A sweet rock for british finance

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22 January 2008

After months of protesting that the billions loaned by the Bank of England to Northern Rock would be repaid very soon, without taxpayers having to bear the cost, Darling has finally revealed his real plans. And whichever way the bank's bail-out is done, the cost will definitely be borne by the taxpayer.

If it is via the government's "preferred option", that is, a private consortium buying a majority share, Darling will still provide the state's guarantee for a total of £55 billion worth of loans (if not more, because no-one can be sure about what Darling is really cooking up). This means that if the bank fails to repay any of its loans on time, which is likely, the taxpayer will have to pay.

But if the bail-out is done via the "last resort option" considered by Darling - nationalisation, which Labour would rather avoid, for fear of upsetting Middle England - this will make no difference. The shareholders will be paid off, well above the value of their shares, and the biggest among them will be able to walk away without having to disburse any of the fat dividends they earned in the past. Besides, under this business-friendly government, nationalisation will merely cover up the state's largesse to the bank, under the veil of state secrecy.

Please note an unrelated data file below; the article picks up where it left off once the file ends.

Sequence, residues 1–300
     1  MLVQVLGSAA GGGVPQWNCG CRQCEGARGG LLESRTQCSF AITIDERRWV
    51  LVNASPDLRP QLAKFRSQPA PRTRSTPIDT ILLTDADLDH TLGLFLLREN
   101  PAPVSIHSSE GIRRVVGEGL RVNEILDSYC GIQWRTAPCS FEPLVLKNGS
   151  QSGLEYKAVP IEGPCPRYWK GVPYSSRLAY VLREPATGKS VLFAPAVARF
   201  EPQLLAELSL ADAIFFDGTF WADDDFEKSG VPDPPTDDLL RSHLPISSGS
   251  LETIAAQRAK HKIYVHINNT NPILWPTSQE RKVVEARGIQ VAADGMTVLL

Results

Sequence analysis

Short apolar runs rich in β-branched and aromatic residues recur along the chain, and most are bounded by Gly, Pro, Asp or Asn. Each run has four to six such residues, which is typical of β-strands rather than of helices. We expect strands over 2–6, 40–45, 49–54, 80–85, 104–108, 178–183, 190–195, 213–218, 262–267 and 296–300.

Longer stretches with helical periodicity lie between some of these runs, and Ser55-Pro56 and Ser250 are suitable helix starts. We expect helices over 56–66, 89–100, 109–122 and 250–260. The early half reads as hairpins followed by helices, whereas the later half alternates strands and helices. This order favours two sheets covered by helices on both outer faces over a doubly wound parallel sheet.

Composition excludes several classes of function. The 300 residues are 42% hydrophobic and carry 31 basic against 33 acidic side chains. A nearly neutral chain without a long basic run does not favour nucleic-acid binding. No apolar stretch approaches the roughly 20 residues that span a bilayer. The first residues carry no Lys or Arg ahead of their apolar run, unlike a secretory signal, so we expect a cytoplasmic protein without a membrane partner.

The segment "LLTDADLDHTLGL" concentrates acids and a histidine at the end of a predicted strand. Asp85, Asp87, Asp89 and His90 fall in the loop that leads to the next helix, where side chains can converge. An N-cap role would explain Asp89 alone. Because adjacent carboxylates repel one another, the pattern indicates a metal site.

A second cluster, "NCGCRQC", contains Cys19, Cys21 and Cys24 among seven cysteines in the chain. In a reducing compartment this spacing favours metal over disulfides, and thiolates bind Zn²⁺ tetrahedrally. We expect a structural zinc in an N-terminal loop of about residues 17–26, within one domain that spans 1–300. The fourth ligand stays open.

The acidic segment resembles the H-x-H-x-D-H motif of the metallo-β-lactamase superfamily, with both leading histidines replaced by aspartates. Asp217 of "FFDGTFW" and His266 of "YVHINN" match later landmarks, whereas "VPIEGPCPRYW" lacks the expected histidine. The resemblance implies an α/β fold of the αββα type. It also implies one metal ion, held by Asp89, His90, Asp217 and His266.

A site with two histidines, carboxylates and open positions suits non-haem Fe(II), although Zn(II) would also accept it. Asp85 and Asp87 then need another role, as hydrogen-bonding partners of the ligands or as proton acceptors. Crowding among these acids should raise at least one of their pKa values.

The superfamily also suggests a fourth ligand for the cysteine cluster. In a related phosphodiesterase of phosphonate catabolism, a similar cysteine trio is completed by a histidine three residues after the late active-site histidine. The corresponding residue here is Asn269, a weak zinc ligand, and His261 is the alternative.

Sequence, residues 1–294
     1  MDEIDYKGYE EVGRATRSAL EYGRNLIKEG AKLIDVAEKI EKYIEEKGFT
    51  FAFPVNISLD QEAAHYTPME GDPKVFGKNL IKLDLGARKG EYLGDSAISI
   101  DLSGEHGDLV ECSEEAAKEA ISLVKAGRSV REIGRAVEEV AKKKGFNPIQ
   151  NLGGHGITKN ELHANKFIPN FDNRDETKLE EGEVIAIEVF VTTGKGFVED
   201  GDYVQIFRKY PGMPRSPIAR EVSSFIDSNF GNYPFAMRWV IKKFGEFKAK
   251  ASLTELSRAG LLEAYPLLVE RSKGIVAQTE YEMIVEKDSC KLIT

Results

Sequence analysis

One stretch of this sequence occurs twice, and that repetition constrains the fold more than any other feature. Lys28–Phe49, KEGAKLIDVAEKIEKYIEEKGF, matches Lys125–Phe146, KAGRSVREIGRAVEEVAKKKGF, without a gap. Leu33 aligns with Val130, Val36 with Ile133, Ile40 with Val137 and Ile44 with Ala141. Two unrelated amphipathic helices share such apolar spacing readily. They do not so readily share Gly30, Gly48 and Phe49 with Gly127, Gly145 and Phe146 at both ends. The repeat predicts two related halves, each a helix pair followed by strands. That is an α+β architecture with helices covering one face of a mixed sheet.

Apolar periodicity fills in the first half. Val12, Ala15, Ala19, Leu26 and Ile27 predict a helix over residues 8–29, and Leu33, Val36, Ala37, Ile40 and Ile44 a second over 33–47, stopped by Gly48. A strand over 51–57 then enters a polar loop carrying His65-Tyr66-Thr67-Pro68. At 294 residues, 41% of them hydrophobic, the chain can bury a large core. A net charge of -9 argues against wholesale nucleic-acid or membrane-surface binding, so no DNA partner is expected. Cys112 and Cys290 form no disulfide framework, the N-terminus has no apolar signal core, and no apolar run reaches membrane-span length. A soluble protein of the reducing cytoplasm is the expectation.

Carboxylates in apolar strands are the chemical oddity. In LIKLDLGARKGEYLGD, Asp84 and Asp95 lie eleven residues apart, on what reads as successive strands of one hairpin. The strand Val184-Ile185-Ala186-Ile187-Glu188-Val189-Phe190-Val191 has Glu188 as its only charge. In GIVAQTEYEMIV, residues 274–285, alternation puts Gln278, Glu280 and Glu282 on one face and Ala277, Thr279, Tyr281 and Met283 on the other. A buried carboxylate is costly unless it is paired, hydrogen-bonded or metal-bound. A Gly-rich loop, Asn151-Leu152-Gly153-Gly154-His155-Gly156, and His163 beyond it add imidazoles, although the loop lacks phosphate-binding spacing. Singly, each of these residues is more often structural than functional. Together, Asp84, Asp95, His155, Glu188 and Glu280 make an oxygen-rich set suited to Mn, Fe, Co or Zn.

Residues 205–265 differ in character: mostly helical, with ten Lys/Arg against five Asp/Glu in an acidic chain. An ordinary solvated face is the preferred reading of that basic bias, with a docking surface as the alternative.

The government protests that its only concern is to protect Northern Rock's depositors' savings. But, in that case, why weren't the bank's assets sold to allow depositors to switch to another bank?

The truth is, that Labour's real concern is for the bigger fishes living in Northern Rock's muddy waters. Among them are the few big players which own more than half of the bank's capital, with just two of them sharing almost 20%. Then there are the small number of big banks which have loaned dozens of billions of pounds to Northern Rock and would be very upset if they were not paid back with interest. And then there are the aspiring profiteers, like Brown's mate, Richard Branson, and the bank Goldmann Sachs, which stands to make a big profit, by selling £25 billion worth of bonds on behalf of Northern Rock, as part of the bail-out.

Next time Brown or his ministers tell us that we must agree to "wage restraint" and be satisfied with underfunded public services, we will remember their generosity to the wealthy.